Dr. Richard Butler (Bayerische Staatssammlung für Paläontologie und Geologie, Munich), Dr. Octavio Mateus (University of Lisbon) and Steven Brusatte (American Museum of Natural History) have initiated a new field project to study terrestrial strata (Grès de Silves Formation) spanning the Triassic-Jurassic boundary in Portugal in hopes of recovering late surviving temnospondyls and possibly other Late Triassic vertebrates. Preliminary results are encouraging and you can read about them here.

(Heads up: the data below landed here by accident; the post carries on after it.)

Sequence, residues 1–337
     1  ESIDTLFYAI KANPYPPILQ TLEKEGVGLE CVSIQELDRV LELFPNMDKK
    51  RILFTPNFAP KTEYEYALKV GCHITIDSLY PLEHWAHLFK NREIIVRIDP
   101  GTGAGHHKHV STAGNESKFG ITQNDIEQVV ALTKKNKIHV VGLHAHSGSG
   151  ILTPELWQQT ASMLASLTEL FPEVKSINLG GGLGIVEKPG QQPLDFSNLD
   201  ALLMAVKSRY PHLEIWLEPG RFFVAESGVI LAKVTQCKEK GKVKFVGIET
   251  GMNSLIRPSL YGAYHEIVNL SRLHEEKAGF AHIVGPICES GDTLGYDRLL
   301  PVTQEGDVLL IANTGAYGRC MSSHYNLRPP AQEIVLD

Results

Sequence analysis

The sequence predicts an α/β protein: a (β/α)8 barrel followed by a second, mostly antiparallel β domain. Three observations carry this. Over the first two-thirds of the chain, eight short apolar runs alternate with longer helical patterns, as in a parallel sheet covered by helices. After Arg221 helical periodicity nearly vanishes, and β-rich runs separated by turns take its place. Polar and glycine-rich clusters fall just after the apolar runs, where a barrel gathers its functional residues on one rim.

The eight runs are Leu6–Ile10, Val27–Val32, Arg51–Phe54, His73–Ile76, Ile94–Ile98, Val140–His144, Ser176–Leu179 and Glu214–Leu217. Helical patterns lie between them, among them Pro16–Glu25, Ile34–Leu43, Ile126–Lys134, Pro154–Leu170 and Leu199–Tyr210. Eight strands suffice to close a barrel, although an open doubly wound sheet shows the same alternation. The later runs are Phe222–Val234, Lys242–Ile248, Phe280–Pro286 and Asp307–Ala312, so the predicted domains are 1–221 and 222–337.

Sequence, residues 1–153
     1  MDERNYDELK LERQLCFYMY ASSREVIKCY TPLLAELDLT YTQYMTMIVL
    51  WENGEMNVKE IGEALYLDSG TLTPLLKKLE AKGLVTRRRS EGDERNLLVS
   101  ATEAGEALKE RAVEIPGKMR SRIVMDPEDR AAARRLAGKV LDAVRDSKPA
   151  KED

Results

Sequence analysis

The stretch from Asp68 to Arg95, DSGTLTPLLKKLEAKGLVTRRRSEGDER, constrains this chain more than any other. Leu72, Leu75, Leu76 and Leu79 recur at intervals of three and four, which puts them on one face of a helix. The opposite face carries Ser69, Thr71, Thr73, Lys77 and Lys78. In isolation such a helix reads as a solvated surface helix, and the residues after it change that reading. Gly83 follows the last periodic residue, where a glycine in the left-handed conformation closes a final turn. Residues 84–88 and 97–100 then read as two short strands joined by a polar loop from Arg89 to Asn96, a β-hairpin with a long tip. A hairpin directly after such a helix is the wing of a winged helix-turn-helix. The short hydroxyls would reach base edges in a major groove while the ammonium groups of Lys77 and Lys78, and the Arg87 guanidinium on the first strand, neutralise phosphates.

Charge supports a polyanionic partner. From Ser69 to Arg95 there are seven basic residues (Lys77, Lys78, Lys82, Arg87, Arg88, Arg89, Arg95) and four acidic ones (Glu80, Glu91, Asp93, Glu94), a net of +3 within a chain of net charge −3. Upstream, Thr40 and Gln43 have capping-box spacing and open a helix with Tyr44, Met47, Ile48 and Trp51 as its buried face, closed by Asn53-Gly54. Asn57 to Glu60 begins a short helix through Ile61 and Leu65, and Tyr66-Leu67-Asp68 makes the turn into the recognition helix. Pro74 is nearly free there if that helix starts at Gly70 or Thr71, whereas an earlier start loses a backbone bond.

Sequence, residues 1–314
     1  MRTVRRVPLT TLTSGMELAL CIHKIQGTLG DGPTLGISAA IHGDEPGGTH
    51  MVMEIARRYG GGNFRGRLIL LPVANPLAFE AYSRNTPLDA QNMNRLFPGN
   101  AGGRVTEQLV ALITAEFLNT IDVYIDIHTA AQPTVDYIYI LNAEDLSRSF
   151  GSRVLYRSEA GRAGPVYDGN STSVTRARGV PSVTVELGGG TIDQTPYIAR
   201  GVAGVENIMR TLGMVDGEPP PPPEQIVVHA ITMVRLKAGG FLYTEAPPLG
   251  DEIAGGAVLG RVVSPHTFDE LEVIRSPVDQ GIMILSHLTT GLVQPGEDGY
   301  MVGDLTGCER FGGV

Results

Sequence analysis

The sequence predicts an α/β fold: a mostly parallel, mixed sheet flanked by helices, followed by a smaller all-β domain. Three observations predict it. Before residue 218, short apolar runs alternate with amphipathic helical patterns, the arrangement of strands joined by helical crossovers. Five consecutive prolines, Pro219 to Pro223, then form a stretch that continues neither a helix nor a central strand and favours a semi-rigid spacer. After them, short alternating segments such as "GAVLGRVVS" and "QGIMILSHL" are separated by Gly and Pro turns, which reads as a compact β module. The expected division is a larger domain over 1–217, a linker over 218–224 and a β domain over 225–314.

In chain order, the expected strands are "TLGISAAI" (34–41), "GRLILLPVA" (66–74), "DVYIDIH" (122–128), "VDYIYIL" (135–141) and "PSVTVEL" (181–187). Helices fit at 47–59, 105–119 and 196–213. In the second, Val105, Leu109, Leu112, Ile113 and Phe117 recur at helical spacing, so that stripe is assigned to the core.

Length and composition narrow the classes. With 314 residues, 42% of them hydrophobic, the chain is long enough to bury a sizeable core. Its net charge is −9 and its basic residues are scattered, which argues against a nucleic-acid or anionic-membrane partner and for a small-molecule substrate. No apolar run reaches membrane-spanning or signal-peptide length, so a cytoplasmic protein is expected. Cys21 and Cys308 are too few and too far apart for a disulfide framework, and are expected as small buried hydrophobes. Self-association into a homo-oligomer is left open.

Given that many Late Triassic Laurasian faunal assemblages appear very similar in content despite their stratigraphic position (e.g., Placerias Quarry vs. Coelophysis Quarry in the Chinle Formation), these types of studies are crucial to our understanding of exactly what is happening with the Triassic-Jurassic non-marine extinctions. Unfortunately many places that preserve this boundary and are accessible are non-fossiliferous (e.g., Newark Supergroup); whereas other places that may be very fossiliferous (e.g., Moenave and Kayenta Formations of Arizona) are not easily accessible.
The Patagonian Land Penguin
8 hours ago in Catalogue of Organisms